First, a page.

There are only a few topics in gas chromatography (GC) that are responsible for a large number of problems posed to the "Ask
the Expert" function in ChromAcademy (
http://www.ChromAcademy.com/). This month's instalment presents a summary of some of these topics relating to poor peak shape and rising baselines, to
act as a guide when setting up or troubleshooting a method.
Problems with split and shouldered peaks are typically caused by a disruption to the way the sample band is introduced into
the GC column. Check that the column is correctly installed into the instrument — usually the depth of insertion into the
inlet is critical in this respect. The column cut is absolutely critical in determining peak shape, and one should ensure
that the cut is at 90° to the column wall and that it is clean (not jagged or rough). The exposure of high numbers of silanol
groups and the formation of turbulent eddies at the head of a roughly cut column can cause major peak shape issues. Always
inspect the column cut with a magnifier or lower power microscope — we cannot overemphasize the importance of good quality
column cuts at both the inlet and detector ends of the column. The homogeneity of the analyte band can also be disturbed by
problems with the internal column surface at the head of the GC column. If stationary phase has been stripped, exposing silanol
groups, or if nonvolatile sample matrix has been deposited on the surface, the analyte band will interact differently with
these areas than with the bonded phase, causing peak splitting or shouldering. Typically, these issues can be solved by trimming
a few centimetres from the head of the column. Occasionally it may be necessary to trim the column by up to 10% of the total
column length to solve the problem; however, note that peak retention times will decrease and peak identification windows
may need to be altered in your data system.
Further peak shape issues are more specific to splitless injection modes, but again all relate to the homogeneity (contiguous
nature) of the sample band as it enters the GC column. One should ensure, especially in splitless injection, that the polarity
of the sample diluent solvent matches that of the stationary-phase chemistry. Further, the initial oven temperature should
be at least 10 °C (preferably 20 °C) below the boiling point of the sample solvent, which will act to condense the analyte
as it slowly evolves from the inlet and focus each analyte band to give sharp peaks within the chromatogram. These factors
combined, ensure that the sample vapours condense as contiguous bands within the GC column before they revolatilize as the
oven temperature is raised.
We are often asked about the causes of rising baselines within GC separations — and these typically fall into three categories.
If operating a temperature programmed separation, with constant carrier gas head pressure, the flow rate (and linear velocity)
of the carrier gas will decrease because gas viscosity increases as a function of temperature. If one is using a mass- or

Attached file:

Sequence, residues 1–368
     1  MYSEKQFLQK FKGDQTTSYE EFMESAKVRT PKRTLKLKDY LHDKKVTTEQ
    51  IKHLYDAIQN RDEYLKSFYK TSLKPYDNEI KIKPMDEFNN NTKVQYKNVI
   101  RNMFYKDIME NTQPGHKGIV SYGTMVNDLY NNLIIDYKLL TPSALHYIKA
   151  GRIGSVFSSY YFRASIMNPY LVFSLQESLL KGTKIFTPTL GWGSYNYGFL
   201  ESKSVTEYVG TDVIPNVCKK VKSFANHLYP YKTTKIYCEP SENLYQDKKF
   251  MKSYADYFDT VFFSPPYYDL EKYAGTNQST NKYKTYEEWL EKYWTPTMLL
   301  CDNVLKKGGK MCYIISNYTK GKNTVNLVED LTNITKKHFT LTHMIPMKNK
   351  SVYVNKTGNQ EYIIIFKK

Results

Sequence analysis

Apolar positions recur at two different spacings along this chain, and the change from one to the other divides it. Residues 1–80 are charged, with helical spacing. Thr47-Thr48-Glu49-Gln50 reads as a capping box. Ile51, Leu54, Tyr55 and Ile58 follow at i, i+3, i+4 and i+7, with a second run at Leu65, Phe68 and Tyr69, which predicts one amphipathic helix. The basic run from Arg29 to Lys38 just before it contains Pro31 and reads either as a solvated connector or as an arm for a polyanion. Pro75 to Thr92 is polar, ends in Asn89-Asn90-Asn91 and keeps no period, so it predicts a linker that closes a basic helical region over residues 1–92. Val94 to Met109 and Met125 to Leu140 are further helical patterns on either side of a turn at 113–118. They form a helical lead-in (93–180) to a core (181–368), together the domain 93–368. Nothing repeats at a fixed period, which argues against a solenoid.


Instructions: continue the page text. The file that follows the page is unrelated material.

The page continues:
flow-sensitive detector (a flame ionization detector, for example), which responds not only to the amount of analyte but also
the rate at which analyte passes through the detector, then the baseline position will naturally rise. The solution to this
issue is to operate in a constant flow mode in which the instrument increases the carrier gas head pressure to maintain a
constant flow (or linear velocity with some instruments) during the whole of the temperature programme. Note that in switching
operating modes, retention times, especially of later eluted compounds, will change.
Baseline rise can also be caused by an increase in column bleed with temperature. Ensure that columns are properly conditioned
before use, which will involve a short time at room temperature with carrier gas flowing (this step is very important), followed
by no more than 30 min at 10 °C higher than the upper operating temperature of the analytical method. Remember that more-polar
and thicker-film GC columns will show greater bleed and to set a bleed specification beyond which the column will not be used.
The third common cause of rising baselines is an improperly optimized splitless injection. Although the initial phase of a
splitless injection should be carried out with the split valve closed, the split should then be initiated to remove excess
solvent and sample vapours from the inlet. This "splitless" or "purge" time needs to be carefully optimized; too short and
sample will be lost resulting in poor quantitation, too long and a large tailing solvent peak with rising baseline will result.
Typically, the purge time is optimized by choosing a time value (usually in seconds) at which repeated injection of the sample
gives reproducible analyte peak areas, but which results in the narrowest solvent peak width.
Finally, we are very often asked about peaks that tail badly in capillary GC, that is, peaks whose asymmetry or United States Pharmacopeia (USP) tailing factor is greater than one. Most often peak tailing occurs because a certain proportion of the analyte molecules are
being subjected to a secondary mechanism of retention compared to the rest and this is usually some type of silanol interaction
with analyte polar functional groups. The silanol groups are present on the surface of your quartz glass inlet sleeve or liner,
glass wool used for liner packing, and in the silica from which the wall coated capillary columns are manufactured. To avoid
peak tailing one should use only professionally deactivated inlet liners and glass wool packing, ensure good column cuts,
trim the inlet end of the column to remove exposed silanol groups because of phase stripping, and, lastly, consider derivatizing
analytes to "cap" or "mask" polar functional groups.